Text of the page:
on being sick and fading away

Linettes been sick this past week. Shes had a cold. Yesterday, we were supposed to go to into Detroit to see our friends Steve and Anne. We were going to barbeque. Steve was going to cook us up a batch of spicy chicken sausage. He was also going to take me to a place he calls the, Polish Disco. According to Steve, all the women who work there dress like theyre extras in the film, The Velvet Goldmine. Apparently, its part Polish market, part Studio 54. (Im imagining tall, emaciated models snorting coke with a bagger who looks like Andy Warhol beneath a disco ball in the canned food isle.) Anyway, I had to miss it. I stayed home and tended to my sick wife instead. (Hopefully, I will have another chance to see cashiers dressed up like Eastern European prostitutes though.)

While at home, Linette reminded me of some household projects that needed doing. The most intimidating project on her list was the building of shelves in the basement to contain all the back issues of Crimewave. Up to this point, they were scattered all around the house in loose stacks and rotting cardboard boxes.

Id been putting it off for three years now. For some reason, I just cant bear to start projects that I feel may possibly lead to frustration and/or disappointment. It is for that reason that I have yet to drive a single nail in the three years that we have lived in this old house (except for nails to hang pictures). My father would have driven ten pounds of nails in the first month of living in this ramshackle, turn-of-the-century house. It took me three years to muster up the energy to drive the first one.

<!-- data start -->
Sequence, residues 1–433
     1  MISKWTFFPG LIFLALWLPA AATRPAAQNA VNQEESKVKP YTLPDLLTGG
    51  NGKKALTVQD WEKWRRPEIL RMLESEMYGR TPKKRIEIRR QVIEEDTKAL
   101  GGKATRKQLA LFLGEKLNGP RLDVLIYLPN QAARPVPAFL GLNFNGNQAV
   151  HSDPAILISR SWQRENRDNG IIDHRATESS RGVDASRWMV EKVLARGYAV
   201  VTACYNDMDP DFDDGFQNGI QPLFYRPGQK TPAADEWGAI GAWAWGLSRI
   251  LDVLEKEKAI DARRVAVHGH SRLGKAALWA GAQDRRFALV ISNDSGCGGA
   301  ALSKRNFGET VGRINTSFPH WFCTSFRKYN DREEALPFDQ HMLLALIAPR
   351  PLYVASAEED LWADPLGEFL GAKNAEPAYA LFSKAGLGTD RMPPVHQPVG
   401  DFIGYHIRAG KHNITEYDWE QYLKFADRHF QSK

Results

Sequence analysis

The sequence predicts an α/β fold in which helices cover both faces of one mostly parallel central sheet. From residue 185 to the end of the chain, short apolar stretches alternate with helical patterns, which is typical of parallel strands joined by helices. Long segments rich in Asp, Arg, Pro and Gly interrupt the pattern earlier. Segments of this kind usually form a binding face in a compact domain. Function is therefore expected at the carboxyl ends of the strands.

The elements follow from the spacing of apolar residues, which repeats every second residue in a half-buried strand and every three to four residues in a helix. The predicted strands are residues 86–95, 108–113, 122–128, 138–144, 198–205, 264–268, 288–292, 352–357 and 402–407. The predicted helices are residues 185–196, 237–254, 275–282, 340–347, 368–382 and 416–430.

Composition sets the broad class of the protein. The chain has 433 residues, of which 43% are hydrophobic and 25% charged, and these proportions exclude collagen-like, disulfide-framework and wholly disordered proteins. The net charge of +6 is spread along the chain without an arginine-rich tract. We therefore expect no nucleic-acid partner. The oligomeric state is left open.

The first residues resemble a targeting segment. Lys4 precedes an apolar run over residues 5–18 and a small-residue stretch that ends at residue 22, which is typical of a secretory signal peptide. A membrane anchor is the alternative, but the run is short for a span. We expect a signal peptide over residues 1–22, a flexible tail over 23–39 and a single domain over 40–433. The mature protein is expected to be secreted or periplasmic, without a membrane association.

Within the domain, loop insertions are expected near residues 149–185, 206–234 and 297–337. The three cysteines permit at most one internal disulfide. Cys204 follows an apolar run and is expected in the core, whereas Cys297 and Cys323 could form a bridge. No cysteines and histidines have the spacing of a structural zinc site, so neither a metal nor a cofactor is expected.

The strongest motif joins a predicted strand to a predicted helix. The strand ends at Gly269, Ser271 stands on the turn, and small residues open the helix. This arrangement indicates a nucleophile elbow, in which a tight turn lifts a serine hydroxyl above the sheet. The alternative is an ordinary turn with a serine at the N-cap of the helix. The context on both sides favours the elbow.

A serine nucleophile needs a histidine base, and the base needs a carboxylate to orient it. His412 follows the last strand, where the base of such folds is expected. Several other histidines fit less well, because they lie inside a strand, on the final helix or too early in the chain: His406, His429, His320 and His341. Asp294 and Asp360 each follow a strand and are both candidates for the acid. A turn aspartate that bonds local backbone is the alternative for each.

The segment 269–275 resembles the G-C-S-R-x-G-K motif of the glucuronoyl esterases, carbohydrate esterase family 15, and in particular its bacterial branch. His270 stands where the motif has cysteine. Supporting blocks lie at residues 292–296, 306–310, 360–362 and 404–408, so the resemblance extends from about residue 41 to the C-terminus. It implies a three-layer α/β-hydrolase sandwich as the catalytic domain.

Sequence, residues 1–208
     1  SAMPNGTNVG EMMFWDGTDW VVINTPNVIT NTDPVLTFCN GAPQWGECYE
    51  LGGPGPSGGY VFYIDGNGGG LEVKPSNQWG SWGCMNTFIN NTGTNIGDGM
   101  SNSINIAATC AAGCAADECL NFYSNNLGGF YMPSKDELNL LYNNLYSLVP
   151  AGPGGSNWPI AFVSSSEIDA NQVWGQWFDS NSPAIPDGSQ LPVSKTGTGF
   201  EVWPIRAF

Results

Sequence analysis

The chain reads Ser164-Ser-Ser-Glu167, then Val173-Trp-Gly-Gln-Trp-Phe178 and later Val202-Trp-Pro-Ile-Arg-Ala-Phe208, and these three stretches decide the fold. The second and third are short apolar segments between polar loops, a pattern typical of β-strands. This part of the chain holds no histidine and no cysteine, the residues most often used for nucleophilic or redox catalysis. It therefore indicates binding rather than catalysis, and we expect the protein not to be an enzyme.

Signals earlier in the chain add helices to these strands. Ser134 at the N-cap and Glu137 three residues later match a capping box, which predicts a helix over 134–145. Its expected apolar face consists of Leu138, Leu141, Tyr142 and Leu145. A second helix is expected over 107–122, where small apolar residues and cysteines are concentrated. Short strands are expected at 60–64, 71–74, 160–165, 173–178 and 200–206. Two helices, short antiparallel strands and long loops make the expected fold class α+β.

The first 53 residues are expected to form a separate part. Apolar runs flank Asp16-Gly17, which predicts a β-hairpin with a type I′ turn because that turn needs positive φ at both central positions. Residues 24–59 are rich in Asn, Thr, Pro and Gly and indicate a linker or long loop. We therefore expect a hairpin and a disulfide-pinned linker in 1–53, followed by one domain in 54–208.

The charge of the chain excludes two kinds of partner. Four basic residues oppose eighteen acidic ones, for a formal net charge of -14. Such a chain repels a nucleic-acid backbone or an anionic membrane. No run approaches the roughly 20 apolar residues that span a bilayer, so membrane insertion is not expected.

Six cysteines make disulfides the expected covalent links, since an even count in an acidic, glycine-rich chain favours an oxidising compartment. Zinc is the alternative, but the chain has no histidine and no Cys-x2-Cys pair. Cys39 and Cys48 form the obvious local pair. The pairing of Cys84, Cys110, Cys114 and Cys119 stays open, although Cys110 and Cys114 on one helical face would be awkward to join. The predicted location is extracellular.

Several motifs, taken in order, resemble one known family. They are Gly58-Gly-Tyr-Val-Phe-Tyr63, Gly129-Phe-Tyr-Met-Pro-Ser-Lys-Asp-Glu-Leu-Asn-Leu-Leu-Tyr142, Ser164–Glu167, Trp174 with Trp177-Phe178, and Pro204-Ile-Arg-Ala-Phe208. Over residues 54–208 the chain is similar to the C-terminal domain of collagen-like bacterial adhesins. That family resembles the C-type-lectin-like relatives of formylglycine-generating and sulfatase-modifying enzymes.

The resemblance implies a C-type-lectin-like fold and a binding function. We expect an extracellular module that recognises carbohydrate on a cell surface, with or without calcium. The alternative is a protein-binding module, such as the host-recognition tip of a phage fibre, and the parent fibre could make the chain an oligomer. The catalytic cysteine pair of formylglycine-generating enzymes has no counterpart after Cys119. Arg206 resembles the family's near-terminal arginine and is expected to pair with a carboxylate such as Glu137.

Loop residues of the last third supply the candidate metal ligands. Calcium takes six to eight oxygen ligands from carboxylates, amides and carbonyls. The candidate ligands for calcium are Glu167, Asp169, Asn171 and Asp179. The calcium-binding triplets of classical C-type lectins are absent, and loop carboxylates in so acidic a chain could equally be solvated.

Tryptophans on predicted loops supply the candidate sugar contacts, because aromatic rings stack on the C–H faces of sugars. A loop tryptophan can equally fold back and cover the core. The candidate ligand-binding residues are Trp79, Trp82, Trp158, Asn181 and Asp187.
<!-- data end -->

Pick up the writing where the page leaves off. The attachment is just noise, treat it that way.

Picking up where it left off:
Here are the shelves. Youll notice that we have quite a few back issues to get rid of.

On the subject of the back issues, for some reason weve got a lot of #10. We need to unload them. I was thinking of following Kezs lead and putting them on Ebay. I wonder what people would bid for 100 identical copies of Crimewave USA #10 The other idea to cross my mind was having a special where every person to order something from us got a free copy of #10 thrown in.

As Linette and I were standing there, in front of this massive wall of back issues, stacked on top of poorly constructed, uneven shelves, I said, I wonder how many of these will still be here, on these shelves, when we die? Its weird to think about, but theres a very good chance that well still be living here when that happens, and that well still have back issues available. Maybe we can just have a big hole dug and have a bulldozer shove us, and all the evidence of our existence, in.

Speaking of this very thing, the old woman who used to live in the house behind us recently died in a nursing home. There was an auction of her possessions a few days ago. Linette went to it. While she didnt buy anything, she did come home with close to one hundred mason jars full of frightening, faded vegetables. She got them for free. All she had to do was promise that she wasnt going to eat them Linette didnt want to see the womans hard work just tossed away. The cans, and the food inside of them, were at least 20 years old. The woman had kept these things all this time in her cupboards and Linette didnt think it right to just erase that. So, now we have them. Linette wants to document them in photographs and perhaps have an art show featuring them My hope is that some day, she and I are fortunate enough to have a neighbor willing to rescue our magazines and see to it that our obsessive and self-indulgent work is not forgotten.

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